Patients who are prescribed intermittent oral corticosteroids (OCS) for asthma with increasing frequency have a higher risk of OCS-related adverse outcomes (AO), according to study findings published in Thorax.
Investigators sought to evaluate the association over time between patterns of intermittent OCS prescriptions, cumulative OCS dosages, and OCS-related adverse outcomes in patients with asthma treated with intermittent-only OCS.
The researchers conducted a retrospective cohort study of almost half a million patients with asthma in the UK at least 4 years of age, using electronic medical records data from the Optimum Patient Care Research Database and the Clinical Practice Research Datalink GOLD from 2008 to 2019. All patients included for analysis received only intermittent OCS. Patients were stratified according to the frequency of their OCS prescriptions, as indexed on their first intermittent OCS prescription for asthma, into 3 groups: (1) one-time; (2) less frequent (≥90-day gap); and (3) frequent (<90-day gap).
Investigators matched patients taking intermittent OCS with a control group of patients not taking OCS. Participants were matched 1:1 for sex (56% women), age (16% 4-11 years of age; 8% 12-17 years of age; 62% 18-64 years of age, 15% ≥65 years of age), and index date (time in database pre-index, median 17 years). The researchers used a multivariable Cox-proportional hazard model to assess associations between the OCS prescribing patterns and OCS-related AO risk (stratified by age), Global Initiative for Asthma (GINA) 2020 treatment step, and pre-index inhaled corticosteroid (ICS) and short-acting β2-agonist (SABA) prescriptions. Median follow-up duration was 8.3 years (interquartile range [IQR], 4.2-13.7 years). The mean cumulative OCS dose was 176 mg (IQR, 150-200) for the one-time group, 510 mg (IQR, 300-600) for the less frequent group, and 2357 mg (IQR, 540-1800) for the frequent group.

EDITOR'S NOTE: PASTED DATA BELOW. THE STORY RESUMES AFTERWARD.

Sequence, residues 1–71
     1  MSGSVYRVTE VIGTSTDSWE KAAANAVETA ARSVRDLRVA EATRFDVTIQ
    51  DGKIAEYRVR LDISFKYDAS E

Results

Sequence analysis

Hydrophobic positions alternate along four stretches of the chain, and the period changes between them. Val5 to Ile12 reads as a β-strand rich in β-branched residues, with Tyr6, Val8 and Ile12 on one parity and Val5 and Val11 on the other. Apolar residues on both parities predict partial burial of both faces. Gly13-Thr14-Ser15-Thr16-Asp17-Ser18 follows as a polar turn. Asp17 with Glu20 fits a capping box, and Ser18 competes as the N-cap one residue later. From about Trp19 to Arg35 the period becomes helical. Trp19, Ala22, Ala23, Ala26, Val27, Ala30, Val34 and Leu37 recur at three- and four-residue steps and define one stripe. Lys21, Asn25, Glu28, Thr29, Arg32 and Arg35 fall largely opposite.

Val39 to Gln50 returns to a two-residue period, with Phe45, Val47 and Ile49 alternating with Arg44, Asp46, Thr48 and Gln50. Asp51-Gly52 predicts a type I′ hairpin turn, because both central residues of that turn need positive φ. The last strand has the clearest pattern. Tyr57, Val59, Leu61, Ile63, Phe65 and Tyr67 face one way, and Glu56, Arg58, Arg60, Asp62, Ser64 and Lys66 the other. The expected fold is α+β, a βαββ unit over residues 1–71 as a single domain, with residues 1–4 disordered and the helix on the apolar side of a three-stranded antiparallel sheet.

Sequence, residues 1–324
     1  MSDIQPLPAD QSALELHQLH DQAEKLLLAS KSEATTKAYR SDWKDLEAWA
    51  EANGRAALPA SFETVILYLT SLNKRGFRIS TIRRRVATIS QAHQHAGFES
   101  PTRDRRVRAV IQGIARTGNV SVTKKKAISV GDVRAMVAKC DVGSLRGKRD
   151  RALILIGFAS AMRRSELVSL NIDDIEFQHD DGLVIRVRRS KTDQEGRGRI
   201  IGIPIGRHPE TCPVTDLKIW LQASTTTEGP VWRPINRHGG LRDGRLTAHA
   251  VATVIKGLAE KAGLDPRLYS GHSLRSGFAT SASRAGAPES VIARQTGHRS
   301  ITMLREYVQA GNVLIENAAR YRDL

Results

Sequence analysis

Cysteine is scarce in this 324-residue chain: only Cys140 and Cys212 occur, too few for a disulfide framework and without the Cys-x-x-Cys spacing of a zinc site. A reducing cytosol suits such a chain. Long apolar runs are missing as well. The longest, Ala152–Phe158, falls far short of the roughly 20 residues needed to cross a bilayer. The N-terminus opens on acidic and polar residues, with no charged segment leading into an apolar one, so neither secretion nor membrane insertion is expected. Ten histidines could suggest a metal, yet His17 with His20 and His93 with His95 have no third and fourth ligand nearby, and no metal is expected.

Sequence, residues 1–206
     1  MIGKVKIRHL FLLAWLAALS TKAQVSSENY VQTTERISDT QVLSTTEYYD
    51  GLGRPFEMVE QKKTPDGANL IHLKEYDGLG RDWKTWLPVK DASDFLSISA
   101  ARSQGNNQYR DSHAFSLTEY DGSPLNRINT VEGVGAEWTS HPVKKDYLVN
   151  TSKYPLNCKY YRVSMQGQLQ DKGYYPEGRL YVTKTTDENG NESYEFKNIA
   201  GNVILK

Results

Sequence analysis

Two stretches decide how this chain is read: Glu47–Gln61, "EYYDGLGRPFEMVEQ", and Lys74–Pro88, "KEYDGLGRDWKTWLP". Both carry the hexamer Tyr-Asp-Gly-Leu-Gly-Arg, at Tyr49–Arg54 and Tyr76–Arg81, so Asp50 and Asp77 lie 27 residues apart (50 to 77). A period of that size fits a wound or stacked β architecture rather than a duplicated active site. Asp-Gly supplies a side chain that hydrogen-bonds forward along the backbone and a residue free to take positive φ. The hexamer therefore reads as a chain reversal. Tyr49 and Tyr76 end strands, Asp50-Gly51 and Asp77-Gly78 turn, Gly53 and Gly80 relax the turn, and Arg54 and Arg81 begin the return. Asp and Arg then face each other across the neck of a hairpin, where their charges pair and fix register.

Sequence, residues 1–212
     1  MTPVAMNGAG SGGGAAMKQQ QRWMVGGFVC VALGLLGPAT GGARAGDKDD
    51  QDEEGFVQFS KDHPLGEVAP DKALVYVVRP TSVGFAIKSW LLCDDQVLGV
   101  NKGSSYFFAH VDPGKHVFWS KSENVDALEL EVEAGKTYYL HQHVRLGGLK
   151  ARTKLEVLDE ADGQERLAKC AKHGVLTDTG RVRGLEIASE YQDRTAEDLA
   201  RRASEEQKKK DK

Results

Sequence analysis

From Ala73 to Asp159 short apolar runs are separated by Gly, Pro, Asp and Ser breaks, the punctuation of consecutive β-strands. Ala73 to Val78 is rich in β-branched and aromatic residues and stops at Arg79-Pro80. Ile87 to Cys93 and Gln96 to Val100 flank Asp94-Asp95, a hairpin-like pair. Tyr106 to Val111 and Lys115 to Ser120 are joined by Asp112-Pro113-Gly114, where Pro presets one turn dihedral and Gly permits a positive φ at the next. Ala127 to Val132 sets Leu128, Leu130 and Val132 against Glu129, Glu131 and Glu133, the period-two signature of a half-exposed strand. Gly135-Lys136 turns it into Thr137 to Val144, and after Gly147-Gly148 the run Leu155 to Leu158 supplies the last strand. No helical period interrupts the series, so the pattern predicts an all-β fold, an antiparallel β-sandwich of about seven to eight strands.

Among the 476,167 asthma patients studied, investigators found 41.7% experienced one-time intermittent OCS prescribing patterns, 26.8% experienced less frequent, and 31.6% experienced frequent OCS prescribing patterns. Patients who received more frequent intermittent OCS prescriptions were older and more likely to be women. Increasing frequency of intermittent OCS prescriptions was associated with increased risk of any AO compared with non-use of OCS (one-time hazard ratio [HR], 1.19; 95% CI, 1.18-1.20), (less frequent HR, 1.35; 95% CI, 1.34-1.36), (frequent HR, 1.42; 95% CI, 1.42-1.43) and remained consistent across subgroups of age, GINA treatment step, and ICS and SABA.
The AOs most highly correlated with increasing frequency of OCS prescriptions were sleep apnea and pneumonia. Compared with the non-OCS group, increased risk for all AOs except dyslipidemia were observed at dosages of 0.5-1.0 g.
Significant study limitations include misclassification of intermittent and long-term OCS prescriptions; the possibility of missing data and confounding factors because patient records were not assessed for validity or completeness; residual confounding; and the likelihood of incomplete analysis of AOs among children.
“A considerable proportion of patients with asthma who are prescribed OCS intermittently have a frequent pattern of use at some point. Increasingly frequent prescribing patterns of intermittent OCS were associated with a higher risk of individual OCS-related adverse outcomes, and this association remained consistent across levels of age, GINA treatment step, and ICS maintenance and SABA reliever use,” concluded investigators, who stressed the importance of minimizing intermittent OCS use.
Disclosure: This research was supported by AstraZeneca. Some study authors declared affiliations with biotech, pharmaceutical, and/or device companies. Please see the original reference for a full list of authors’ disclosures.